How to tell the transmission fluid level when dip stick has no markings?

Tiny
STARLORD1976
  • MEMBER
  • 2006 DODGE CHARGER
  • 5.7L
  • V8
  • 2WD
  • AUTOMATIC
  • 120,000 MILES
I just bought a dip stick for the transmission fluid. And there is no full mark or nothing on it, how do I know if it’s full?
Friday, October 2nd, 2020 AT 10:04 AM

4 Replies

Tiny
ASEMASTER6371
  • MECHANIC
  • 52,797 POSTS
Good afternoon,

I attached the amount of fluid required for changing the fluid. I would drop the pan and change the filter. Then add the correct amount and when you check it with the dipstick, put a mark on the stick for the full mark so you have a reference for the full mark.

https://www.2carpros.com/articles/how-to-service-an-automatic-transmission

Roy

Fluid Types

Automatic Transmission Fluid Type

Mopar(R) ATF +4 Automatic Transmission Fluid or equivalent.
Capacities

Transmission Fluid Capacity

Service Fill - NAG1 .................... 5.0Liters (10.6 pts.)

Overhaul Fill - NAG1 .................... 7.7Liters (16.3 pts.) *

Service Fill - 42RLE .................... 3.8Liters (4.0 qts.)

Overhaul Fill - 42RLE .................... 8.3Liters (17.6 pts.) *

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Friday, October 2nd, 2020 AT 10:11 AM
Tiny
STARLORD1976
  • MEMBER
  • 173 POSTS
The thing is I had to buy a dipstick to check my transmission fluid. But on the dipstick I’m not sure what level my fluid is on because there isn’t no full mark or add mark.
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Friday, October 2nd, 2020 AT 10:31 AM
Tiny
ASEMASTER6371
  • MECHANIC
  • 52,797 POSTS
That is why you need to start from scratch to make a reference mark for full level.

When you add the proper amount back into the transmission it will be full and you can mark the dipstick somehow to indicate it is full.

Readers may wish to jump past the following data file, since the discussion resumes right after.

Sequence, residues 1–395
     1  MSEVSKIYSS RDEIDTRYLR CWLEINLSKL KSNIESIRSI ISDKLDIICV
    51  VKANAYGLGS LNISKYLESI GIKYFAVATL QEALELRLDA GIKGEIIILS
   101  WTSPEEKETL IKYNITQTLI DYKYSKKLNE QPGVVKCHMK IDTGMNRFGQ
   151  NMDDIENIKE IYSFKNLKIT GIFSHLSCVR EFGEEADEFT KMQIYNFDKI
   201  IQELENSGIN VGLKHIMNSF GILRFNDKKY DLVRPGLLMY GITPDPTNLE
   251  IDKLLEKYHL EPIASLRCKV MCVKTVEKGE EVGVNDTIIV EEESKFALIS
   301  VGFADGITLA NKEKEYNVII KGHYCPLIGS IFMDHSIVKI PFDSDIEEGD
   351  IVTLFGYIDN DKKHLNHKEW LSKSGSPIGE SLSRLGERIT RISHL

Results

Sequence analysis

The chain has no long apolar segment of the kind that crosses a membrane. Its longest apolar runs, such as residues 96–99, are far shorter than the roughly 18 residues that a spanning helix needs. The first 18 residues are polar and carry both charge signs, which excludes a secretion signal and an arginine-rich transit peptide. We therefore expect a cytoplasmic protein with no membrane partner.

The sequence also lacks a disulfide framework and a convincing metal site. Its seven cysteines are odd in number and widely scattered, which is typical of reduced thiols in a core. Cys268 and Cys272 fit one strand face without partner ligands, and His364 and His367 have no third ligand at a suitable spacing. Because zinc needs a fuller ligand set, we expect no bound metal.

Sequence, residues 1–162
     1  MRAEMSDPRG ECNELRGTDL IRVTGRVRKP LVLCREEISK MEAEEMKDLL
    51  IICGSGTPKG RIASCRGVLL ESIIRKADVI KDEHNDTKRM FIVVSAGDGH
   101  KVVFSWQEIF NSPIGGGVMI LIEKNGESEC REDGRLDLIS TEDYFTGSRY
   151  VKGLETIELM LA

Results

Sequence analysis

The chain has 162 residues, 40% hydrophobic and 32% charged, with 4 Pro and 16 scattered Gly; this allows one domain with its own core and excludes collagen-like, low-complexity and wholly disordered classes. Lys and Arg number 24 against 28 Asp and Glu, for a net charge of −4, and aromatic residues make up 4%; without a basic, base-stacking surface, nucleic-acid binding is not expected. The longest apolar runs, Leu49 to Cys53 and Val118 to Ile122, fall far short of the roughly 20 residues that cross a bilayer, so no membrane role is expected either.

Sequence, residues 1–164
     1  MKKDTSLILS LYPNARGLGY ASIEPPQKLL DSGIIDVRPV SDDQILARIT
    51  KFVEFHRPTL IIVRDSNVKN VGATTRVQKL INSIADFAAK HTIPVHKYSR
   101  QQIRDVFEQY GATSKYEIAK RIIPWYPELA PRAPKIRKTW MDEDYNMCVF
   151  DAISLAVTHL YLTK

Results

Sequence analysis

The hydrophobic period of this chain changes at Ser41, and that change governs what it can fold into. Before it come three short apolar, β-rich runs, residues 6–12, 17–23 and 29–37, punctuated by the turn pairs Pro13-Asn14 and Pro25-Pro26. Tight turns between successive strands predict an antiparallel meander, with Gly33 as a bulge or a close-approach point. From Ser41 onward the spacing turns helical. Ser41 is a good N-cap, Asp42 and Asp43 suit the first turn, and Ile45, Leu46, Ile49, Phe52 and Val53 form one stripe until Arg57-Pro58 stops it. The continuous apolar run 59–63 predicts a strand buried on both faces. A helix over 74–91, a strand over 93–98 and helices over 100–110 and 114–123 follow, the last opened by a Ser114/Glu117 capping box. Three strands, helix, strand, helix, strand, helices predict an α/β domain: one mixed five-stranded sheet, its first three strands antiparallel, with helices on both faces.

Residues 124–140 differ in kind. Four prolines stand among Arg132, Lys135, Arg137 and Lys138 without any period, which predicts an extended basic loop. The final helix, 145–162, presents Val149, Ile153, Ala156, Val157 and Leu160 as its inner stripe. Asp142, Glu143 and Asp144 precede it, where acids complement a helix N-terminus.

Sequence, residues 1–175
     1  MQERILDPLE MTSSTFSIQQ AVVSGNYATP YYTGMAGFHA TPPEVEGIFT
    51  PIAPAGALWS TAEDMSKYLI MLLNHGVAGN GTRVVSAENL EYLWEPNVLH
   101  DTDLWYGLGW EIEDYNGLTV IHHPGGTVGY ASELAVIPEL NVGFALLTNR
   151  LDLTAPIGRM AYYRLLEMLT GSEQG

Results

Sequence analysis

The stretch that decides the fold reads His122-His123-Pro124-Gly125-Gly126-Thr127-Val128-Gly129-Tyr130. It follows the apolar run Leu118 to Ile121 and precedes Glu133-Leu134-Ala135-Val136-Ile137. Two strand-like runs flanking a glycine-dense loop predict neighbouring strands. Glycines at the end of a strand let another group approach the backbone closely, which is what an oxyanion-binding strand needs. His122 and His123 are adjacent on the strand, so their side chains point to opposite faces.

Roy
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Friday, October 2nd, 2020 AT 10:40 AM
Tiny
STEVE W.
  • MECHANIC
  • 12,935 POSTS
There is a way to check the level without dropping and changing the fluid but it can be a bit tricky. You use the stick and a chart to read the level. The chart below show the level the fluid should be at a given fluid temperature. It is getting the fluid temperature that is the trick. The best way is with a scan tool, even many of the lower cost ones can read the temperatures these days. Or you could use a probe on a thermometer to check it. Then you consult the chart. All of the levels are read after you start the engine, run it through the gears and check it at idle with the transmission in park. You then look at the temperature and the level. So say you have been driving the car, pull onto a flat level area, use the scan tool or other method to measure the fluid temperature and it shows the fluid is at 148 degrees. Put the stick in and let it bottom out, remove it and read the level, it should be right around the 55 mm mark if the system is full.
A quick approach I have seen done as well is to take a measurement with everything cold. Then start the engine, run the transmission through the gears, put it in park and take another reading. Then that becomes the "full cold" level. Then they drive the car around a bunch. Come back to the same spot and measure again. Then that get's marked as "full hot" Not as precise as the OEM but it should work as long as the transmission isn't leaking and is operating okay.
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Friday, October 2nd, 2020 AT 12:08 PM

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